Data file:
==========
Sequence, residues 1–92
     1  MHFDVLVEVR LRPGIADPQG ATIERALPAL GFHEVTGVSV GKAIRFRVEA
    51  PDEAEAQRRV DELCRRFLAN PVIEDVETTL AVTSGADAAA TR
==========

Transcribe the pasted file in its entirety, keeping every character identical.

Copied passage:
Sequence, residues 1–92
     1  MHFDVLVEVR LRPGIADPQG ATIERALPAL GFHEVTGVSV GKAIRFRVEA
    51  PDEAEAQRRV DELCRRFLAN PVIEDVETTL AVTSGADAAA TR